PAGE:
I mentioned to the Church Mice group that I’d been reading a wonderfully nostalgic book documenting the author’s fifty-year relationship with the pub round the corner from his home in Beeston, Notts.
Reading it reminded me of pubs in my youth and some of the characters who drank there: Billy the triathlete, the work-shy ‘Spen’ (who painted our living room for us once, including – inadvertently – floor and gas fire!) and the old guy in the corner with his bag of ‘knock off’ tat. Then there was the half-empty ‘hush’ of a pub just opened on a Saturday lunchtime and the ever-present smell of beer which pubs no longer seem to have.
The author – the poet, John Lucas (who was a tutor of mine back in the day) – talks about Saturday ‘oyster clubs’ traditional in the pub in Edwardian times, made possible by branch line trains bringing the morning’s catch from Grimsby and brought to an end when Beeching closed those lines in the 60s.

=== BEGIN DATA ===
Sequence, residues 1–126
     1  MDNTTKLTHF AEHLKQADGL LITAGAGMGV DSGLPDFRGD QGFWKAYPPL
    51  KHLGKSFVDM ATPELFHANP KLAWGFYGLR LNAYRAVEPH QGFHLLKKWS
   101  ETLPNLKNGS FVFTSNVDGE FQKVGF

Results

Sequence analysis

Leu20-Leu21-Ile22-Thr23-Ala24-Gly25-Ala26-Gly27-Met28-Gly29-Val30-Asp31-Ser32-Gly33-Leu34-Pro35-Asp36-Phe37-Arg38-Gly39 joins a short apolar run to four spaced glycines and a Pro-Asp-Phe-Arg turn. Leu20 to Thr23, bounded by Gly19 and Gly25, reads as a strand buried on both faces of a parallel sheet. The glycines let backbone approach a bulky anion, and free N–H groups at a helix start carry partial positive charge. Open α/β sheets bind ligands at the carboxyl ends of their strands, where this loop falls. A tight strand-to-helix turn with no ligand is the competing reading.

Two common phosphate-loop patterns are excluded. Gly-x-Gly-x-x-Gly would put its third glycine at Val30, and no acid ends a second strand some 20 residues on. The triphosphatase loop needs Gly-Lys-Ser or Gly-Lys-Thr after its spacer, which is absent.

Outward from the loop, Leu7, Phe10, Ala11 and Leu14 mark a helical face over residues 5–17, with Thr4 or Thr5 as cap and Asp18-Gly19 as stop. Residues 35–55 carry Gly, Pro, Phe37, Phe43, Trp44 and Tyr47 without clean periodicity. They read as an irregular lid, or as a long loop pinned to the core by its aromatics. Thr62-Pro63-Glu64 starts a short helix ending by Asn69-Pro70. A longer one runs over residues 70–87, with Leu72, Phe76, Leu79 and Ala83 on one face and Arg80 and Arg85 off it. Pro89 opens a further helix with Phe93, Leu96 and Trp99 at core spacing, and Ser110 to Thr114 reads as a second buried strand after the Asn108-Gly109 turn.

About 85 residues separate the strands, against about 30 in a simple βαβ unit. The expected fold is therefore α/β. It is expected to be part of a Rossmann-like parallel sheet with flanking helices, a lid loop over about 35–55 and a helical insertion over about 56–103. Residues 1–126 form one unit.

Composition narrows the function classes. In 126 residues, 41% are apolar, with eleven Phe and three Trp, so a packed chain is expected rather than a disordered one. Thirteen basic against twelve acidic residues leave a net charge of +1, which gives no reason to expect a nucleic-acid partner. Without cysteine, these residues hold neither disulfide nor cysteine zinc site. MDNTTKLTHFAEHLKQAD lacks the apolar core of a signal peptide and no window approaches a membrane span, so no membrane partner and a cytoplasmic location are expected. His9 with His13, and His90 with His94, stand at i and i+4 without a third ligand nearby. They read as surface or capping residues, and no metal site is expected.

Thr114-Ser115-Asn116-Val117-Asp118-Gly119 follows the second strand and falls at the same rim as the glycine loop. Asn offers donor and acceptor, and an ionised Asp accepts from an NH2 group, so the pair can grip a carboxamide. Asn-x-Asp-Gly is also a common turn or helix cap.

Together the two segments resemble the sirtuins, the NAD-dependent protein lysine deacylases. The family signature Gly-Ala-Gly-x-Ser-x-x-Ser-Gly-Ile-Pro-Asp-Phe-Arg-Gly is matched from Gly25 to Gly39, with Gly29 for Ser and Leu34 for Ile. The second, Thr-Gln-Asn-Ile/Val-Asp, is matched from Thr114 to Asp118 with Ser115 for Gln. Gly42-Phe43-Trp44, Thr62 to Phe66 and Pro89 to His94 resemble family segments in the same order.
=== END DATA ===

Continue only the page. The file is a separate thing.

Members of the group went on to write their own ‘pub memories’ but the snippet about the oyster club prompted a particular memory from Train David, who has loved steam trains since his youth. You can read the piece he wrote about it here.
John Lucas’s book is well worth a read – you can read a review of it on Facebook by Nottingham’s Fives Leaves Bookshop here.
[…] he frequented from the 1960’s until it closed and was turned into a restaurant. Reading it reminded me of pub visits in my childhood and youth, and how much these have changed over […]